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In United States v. Robertson the accused was charged with CP related offenses and violation of restriction.

Here is why as a trial I and my colleagues would, and you should consider–pick the serious and solid charges and leave the detritus out. When you have a solid CP case you don’t need a minor charge on the sheet–it may screw things up a bit. Fortunately no serious effect in Robertson, but there could have been.

That which is simple need not be made complex, and creative charging decisions in cases that are based upon simple facts can lead to legally insufficient convictions. This is such a case.

NMCCA has an interesting case on the scope of a consent search and subsequent actions when looking for evidence on a cellphone. I think many times we have seen this issue.

The MCIO gets a “limited” or narrow consent, but then just goes ahead and looks at everything claiming “plain view” and inevitablity.

United States v. Crocker is a government appeal worth the read–NMCCA affirms suppression of much of the search and also the resultant confession.

There was a substantial basis for finding probable cause, and this didn’t even approach “bare bones.” “We must take care not to confuse a bare bones affidavit with one that merely lacks probable cause.” The motion to suppress was properly denied. United States v. Gilbert, 2020 U.S. App. LEXIS 7590 (6th Cir. Mar. 11, 2020):

We must take care not to confuse a bare bones affidavit with one that merely lacks probable cause. “Too often courts raise the Leon bar, making it practically indistinguishable from the probable cause standard itself.” Christian, 925 F.3d at 318 (Thapar, J., concurring). There must be daylight between the “bare bones” and “substantial basis” standards if Leon’s good-faith exception is to strike the desired balance between safeguarding Fourth Amendment rights and facilitating the criminal justice system’s truth-seeking function. See Leon, 468 U.S. at 906-07, 913-21; United States v. Carpenter, 360 F.3d 591, 595 (6th Cir. 2004) (en banc). Thus, “[a]n affidavit cannot be labeled ‘bare bones’ simply because it lacks the requisite facts and inferences to sustain the magistrate’s probable-cause finding; rather, it must be so lacking in indicia of probable cause that, despite a judicial officer having issued a warrant, no reasonable officer would rely on it.” White, 874 F.3d at 497. Otherwise, “when the police act with an objectively ‘reasonable good-faith belief’ that their conduct is lawful,” excluding evidence recovered as a result of a technically deficient affidavit serves no useful purpose under the exclusionary rule. Davis v. United States, 564 U.S. 229, 238, 131 S. Ct. 2419, 180 L. Ed. 2d 285 (2011) (quoting Leon, 468 U.S. at 909, 919). Before faulting an officer for executing a court-issued order, we must therefore find that the defects in the supporting affidavit were apparent in the eyes of a reasonable official. Leon, 468 U.S. at 921 (“[O]nce the warrant issues, there is literally nothing more the policeman can do in seeking to comply with the law.” (quoting Stone v. Powell, 428 U.S. 465, 498, 96 S. Ct. 3037, 49 L. Ed. 2d 1067 (1976) (Burger, C.J., concurring))).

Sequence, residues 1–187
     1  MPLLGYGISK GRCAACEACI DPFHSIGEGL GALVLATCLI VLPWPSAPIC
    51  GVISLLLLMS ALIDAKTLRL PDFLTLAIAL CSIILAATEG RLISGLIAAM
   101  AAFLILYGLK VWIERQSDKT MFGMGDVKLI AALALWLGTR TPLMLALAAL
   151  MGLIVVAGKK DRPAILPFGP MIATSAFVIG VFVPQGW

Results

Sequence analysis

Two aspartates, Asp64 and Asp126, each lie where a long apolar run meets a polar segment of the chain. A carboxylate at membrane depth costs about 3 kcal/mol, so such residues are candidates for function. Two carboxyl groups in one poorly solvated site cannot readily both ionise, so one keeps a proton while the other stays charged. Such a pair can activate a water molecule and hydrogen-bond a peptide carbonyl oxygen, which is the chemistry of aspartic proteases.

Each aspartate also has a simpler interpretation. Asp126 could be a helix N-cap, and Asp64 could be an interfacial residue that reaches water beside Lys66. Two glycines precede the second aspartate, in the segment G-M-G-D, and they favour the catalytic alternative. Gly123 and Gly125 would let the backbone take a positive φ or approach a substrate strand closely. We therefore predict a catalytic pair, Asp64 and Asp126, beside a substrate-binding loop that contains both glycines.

Also,

Sometimes appellate counsel find themselves looking at ineffective representation in advising a client to plead guilty and then the conduct of the negotiations.

Taylor v. Crowther, USDC Utah may be worth the read. (The court opinion is within the article.)

Here the issue was related to sentencing.

When two people jointly buy drugs for their individual use and then transfer the drugs between themselves, does that amount to distribution for prosecution purposes–apparently so based on a new case from ACCA.

United States v. Myers, ACCA March 2020.

This appeal raises a compelling question: whether joint purchasers and possessors of a controlled substance, who intend to share it between themselves as users, may be found guilty of wrongful distribution of a controlled substance under Article 112a, Uniform Code of Military Justice [UCMJ].

Here’s is an essay for those interested in defining or otherwise addressing consent in military sexual assault cases.

Aya Gruber, “The Complexity of College Consent,” Adjudicating Campus Sexual Misconduct and Assault: Controversies and Challenges, ed. Claire M. Renzetti and Diane R. Follingstad. Copyright © 2020 Cognella, Inc. Uploaded to SSRN with permission.

https://poseidon01.ssrn.com/delivery.php?ID=516000122122105088091097096097125092099021067011054023110069074000094113091114029009053037096016037002029030096112085018087088051043087083034007117064026084099104010046045029093025001104092008121126106015115080068100109077025098123071066113026027070&EXT=pdf

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